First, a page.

This afternoon, commercial space company Astrobotic unveiled its nearly complete robotic lunar lander, designed to take payloads for paying customers like NASA to the surface of the Moon. It marks the first time the company has shown the mostly finished flight hardware for the lander ahead of its launch, tentatively scheduled for late this year.
Called the Peregrine Lunar Lander, the spacecraft is roughly the size of a squat refrigerator, standing just over six feet tall. Five main engines mounted on the lander’s base will help navigate the vehicle through space and eventually allow the vehicle to touch down on the surface of the Moon. The vehicle has various locations it can store mounted payloads for experiments designed to take advantage of the lunar environment and customers who just want their products on the lunar surface.
Astrobotic, based in Pittsburgh, is one of two private companies aiming to become the first to send a commercial robotic lander to the Moon — and have it land in one piece. The other is Intuitive Machines, based out of Houston, which is building its own robotic lunar lander called Nova-C. Both companies have received multimillion-dollar contracts from NASA to help spur the development of their landers, which, in turn, provide the space agency with a way to get scientific experiments to the Moon. It’s a small part of NASA’s flagship Artemis program, a major effort by the agency to eventually return humans to the lunar surface.
By funding multiple companies, NASA also hoped to spur some friendly competition. Originally, the agency had funded three companies in its first round of contracts, known as the CLPS program, but one of the awardees dropped out. Now, it’s down to Astrobotic and Intuitive Machines, both of which are aiming to fly their landers sometime this year.
“Our first priority is mission success, and if it happens to be the first, great,” John Thornton, CEO of Astrobotic, tells The Verge. “And if it’s not, that’s fine too. Really, success is the most important, but it is the first commercial lander that is unveiled. We haven’t seen any hardware or pictures of [Intuitive Machines’] spacecraft yet.” (Another privately built lunar lander, made by Israeli nonprofit SpaceIL, attempted to reach the Moon in 2019, but didn’t quite stick the landing.)
Members of NASA’s leadership team, including administrator Bill Nelson and Thomas Zurbuchen, NASA’s associate administrator for science, were on hand at Astrobotic’s facility today for the unveiling. “This is an exciting time and our commercial partners are very much a part of this,” Nelson said during brief remarks at Astrobotic.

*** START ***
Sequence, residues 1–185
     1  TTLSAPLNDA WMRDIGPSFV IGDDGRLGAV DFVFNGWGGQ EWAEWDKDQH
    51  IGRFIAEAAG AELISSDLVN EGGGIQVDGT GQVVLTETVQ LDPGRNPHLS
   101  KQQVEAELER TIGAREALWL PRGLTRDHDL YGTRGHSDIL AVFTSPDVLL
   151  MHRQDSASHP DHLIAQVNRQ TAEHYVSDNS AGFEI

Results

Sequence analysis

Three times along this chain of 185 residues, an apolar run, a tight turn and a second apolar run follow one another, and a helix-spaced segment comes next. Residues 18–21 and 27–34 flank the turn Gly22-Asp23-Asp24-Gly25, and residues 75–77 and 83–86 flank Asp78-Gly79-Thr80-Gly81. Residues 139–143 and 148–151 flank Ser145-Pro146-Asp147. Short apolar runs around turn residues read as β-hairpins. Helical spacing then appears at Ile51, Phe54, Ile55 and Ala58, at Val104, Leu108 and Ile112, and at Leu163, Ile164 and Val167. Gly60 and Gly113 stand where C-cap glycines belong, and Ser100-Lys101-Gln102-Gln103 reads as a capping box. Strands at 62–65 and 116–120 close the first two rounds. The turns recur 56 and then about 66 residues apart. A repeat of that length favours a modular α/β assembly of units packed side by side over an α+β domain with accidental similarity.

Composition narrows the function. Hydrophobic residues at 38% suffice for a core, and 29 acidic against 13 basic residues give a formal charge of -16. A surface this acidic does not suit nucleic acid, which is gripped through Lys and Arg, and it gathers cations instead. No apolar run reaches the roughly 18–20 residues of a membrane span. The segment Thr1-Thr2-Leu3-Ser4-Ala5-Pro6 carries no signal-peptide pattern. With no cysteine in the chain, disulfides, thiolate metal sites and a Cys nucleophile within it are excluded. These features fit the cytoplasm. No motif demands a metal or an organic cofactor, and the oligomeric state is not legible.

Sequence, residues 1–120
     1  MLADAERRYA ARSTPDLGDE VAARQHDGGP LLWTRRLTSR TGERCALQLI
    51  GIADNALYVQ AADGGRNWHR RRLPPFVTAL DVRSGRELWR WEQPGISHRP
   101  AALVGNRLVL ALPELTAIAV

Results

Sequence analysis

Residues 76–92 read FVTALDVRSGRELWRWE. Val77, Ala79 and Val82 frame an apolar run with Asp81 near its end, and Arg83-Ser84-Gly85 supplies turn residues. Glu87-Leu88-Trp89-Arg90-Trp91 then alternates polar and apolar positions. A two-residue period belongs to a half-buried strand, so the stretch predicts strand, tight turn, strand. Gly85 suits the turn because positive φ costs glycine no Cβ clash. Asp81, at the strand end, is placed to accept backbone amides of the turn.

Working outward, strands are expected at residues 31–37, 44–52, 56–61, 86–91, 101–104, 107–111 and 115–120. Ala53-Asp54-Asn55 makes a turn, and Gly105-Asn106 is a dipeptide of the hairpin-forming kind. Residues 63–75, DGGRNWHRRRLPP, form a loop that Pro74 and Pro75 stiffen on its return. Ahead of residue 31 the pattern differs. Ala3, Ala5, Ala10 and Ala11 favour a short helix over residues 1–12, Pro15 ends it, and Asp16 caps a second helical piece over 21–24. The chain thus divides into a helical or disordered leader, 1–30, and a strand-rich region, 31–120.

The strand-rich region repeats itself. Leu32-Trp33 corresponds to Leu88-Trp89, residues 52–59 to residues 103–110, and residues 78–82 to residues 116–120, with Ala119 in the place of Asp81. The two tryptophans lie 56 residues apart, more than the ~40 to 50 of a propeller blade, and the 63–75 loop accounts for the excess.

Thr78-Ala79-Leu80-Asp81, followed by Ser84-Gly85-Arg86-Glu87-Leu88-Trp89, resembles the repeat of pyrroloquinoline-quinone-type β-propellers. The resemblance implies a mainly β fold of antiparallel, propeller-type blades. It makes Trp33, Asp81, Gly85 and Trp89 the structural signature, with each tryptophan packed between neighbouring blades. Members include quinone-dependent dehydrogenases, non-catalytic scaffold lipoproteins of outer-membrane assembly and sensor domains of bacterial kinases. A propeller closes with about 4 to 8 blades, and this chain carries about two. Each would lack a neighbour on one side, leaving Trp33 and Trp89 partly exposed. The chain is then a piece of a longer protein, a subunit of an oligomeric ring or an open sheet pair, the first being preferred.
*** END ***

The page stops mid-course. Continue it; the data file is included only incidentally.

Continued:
The lander’s flight structure was presented today, but some tanks, solar panels, propulsion, and other attributes still need to be added to the vehicle. “Obviously the lander is still being built, but it’s far enough along that we can unveil it for what it looks like now,” says Thornton. “And it’s so exciting. It’s 15 years in the making.” Astrobotic declined to provide specifics about the cost of Peregrine or how much it charges customers for a spot on the lander.
For its first launch, the Peregrine lander will carry 24 payloads to the Moon, according to the company. A little less than half are scientific instruments from NASA while the others come from a diverse group of commercial customers. One payload includes a rover crafted by students at Carnegie Mellon, and there is also a micro-rover from the Mexican Space Agency. The lander will house a few rather unique payloads — like a lunar dream capsule from Japan and a physical Bitcoin coin, “loaded” with one Bitcoin. The lander’s target destination is a region called Lacus Mortis — which eerily translates to “Lake of Death.” Once it lands, the Peregrine will attempt to last an entire lunar day, about two weeks, before the extra cold, two-week-long lunar night kicks in.
Astrobotic’s ride to the Moon is still an open question, though. The Peregrine lander is slated to be the very first spacecraft to fly on the United Launch Alliance’s (ULA) Vulcan rocket, a brand new vehicle that’s been under development since 2014. However, the Vulcan is a few years late getting to the launchpad, and it’s still not ready. The rocket is designed to fly on a new engine being built by Jeff Bezos’ space company Blue Origin, called the BE-4 — but those engines are also years behind schedule.
Thornton says he’s received assurances from ULA that Vulcan will launch in the fourth quarter of this year, and that the BE-4 engines will be ready in the middle of this year. He says Astrobotic has “no reason to doubt” ULA. “ULA is a storied, successful company,” says Thornton. “So we feel very confident in the launch, and that’s why we booked with them.”
One thing rival Intuitive Machines does have is a contract to fly on a functioning rocket. The company is supposed to fly its Nova-C lander on a SpaceX Falcon 9 rocket sometime later this year, though Intuitive Machines does not have a date for the flight. As for differences between the two landers, Thornton points to the fact that the Peregrine lander is much more squat than the rather tall Nova-C lander. He also mentions that the Peregrine will fly on “proven” hydrazine fuel, while Intuitive Machines is experimenting with a new cryogenic propulsion system.
“At the end of the day, we’re both in the business of lunar delivery,” says Thornton. “And obviously we think our lander is best suited for our customers, and so far, our customers have overwhelmingly picked us versus the competition.”